By Brian Lanciault
Impunity Watch Reporter, Asia
BEIJING, China–Security officials in China’s far western borderlands have formally arrested a scholar and hero of the country’s ethnic Uighurs on charges of provoking separatism.
Authorities have confirmed that the scholar, Ilham Tohti, was being held in Urumqi, the capital of the Xinjiang Uighur Autonomous Region, which is about 2,000 miles from Mr. Tohti’s home in Beijing.
The detention has been anticipated for some time, but the formal arrest of Mr. Tohti underscores the government’s determination to silence one of the few moderate voices for China’s beleaguered Uighurs, a predominantly Sunni Muslim people who speak a Turkic language.
An economics professor in Beijing, Mr. Tohti, 44, was an outspoken but careful critic of Chinese policies in Xinjian. The energy-rich region that adjoins several Central Asian nations is a bit of a geopolitical minefield. Tensions between Uighurs and Chinese security forces have turned increasingly more volatile, with almost weekly clashes that in recent months have taken more than 100 lives.
Security officials said Mr. Tohti had contributed to increasing such tensions through his classroom lectures and writings, a charge rejected by his supporters.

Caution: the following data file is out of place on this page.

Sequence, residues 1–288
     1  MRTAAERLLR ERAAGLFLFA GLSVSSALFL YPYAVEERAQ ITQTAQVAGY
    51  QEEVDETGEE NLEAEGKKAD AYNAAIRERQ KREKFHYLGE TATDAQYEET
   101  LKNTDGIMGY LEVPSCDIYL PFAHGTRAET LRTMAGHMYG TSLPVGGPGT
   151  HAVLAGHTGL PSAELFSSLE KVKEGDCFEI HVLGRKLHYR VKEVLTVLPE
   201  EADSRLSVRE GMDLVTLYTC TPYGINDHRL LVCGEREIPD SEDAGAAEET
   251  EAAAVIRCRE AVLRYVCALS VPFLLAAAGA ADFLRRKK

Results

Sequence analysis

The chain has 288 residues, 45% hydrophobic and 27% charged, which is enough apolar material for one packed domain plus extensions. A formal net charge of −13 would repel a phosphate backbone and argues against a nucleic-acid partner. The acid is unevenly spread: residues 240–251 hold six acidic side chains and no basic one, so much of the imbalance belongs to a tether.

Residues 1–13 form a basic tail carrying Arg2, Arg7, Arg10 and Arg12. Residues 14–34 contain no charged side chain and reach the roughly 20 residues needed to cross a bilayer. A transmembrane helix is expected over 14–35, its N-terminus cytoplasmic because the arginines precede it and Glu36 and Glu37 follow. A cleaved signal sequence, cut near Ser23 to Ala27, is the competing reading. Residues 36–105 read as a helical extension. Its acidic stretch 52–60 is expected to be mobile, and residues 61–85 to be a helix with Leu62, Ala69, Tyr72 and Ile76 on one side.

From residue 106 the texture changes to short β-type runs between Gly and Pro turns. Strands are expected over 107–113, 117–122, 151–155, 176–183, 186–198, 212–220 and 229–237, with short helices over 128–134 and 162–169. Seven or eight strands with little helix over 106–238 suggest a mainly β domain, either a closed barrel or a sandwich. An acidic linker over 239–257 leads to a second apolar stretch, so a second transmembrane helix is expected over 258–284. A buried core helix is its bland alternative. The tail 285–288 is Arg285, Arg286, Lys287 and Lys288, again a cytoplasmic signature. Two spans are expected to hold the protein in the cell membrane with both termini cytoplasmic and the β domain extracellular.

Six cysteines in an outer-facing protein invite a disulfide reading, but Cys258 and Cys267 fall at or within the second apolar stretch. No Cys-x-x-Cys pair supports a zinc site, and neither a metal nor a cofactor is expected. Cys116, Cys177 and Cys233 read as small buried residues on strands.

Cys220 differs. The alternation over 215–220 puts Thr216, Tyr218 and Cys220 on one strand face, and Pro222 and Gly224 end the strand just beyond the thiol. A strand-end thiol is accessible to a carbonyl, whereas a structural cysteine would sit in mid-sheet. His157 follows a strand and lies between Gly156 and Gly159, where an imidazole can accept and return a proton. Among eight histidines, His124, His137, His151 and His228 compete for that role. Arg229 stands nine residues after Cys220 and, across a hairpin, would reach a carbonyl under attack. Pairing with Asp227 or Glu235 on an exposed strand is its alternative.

“The accusations are baseless,” said his lawyer, Li Fangping.
Mr. Tohti’s wife, Guzaili Nu’er, said her husband’s life was an open book, largely because his every word — like his movements — was closely monitored by the authorities. “He is a sensible, educated man who just studied human rights, culture and religion in Xinjiang,” she said. “A separatist? Now that’s beyond the pale.”
Speaking from Urumqi, Mr. Li said he had been unable to see Mr. Tohti, who has been held in isolation since the police raided his Beijing apartment six weeks ago. Security officials in Xinjiang on Wednesday did not respond to inquiries from reporters.
Even in China’s highly politicized judicial system, where political offenders almost never prevail in court, charges of separatism are notoriously and especially difficult to defend, experts say.
Under Chinese law, the mere highlighting of ethnic problems in places like Xinjiang and Tibet can be deemed as threats to national unity because the state refuses to acknowledge that such frictions exist.
Nicholas Bequelin, a senior researcher at Human Rights Watch in Hong Kong, said Mr. Tohti was widely known for his advocacy of Uighur rights and autonomy — guarantees enshrined in the Chinese Constitution — but never advocated independence for China’s 10 million Uighurs.
“In the eyes of the authorities, if you are flagging legitimate problems with policies in the region, you are essentially raising the dissatisfaction level of the people who are subjected to these policies,” Mr. Bequelin said. “It’s not a legal test but a political test. There is no defense.”
The penalties range from 10 years to death.
For more information, please see:
Al Jazeera–China charges Uighur academic with separatism–25 February 2014
New York Times–China Charges Scholar With Fomenting Separatism–26 February 2014
UNPO–East Turkestan: Tensions Over Arbitrary Detention of Ilham Tohti–26 February 2014
Voice of America–Uighur Group Slams China’s Charges Against Intellectuals–26 Feburary 2014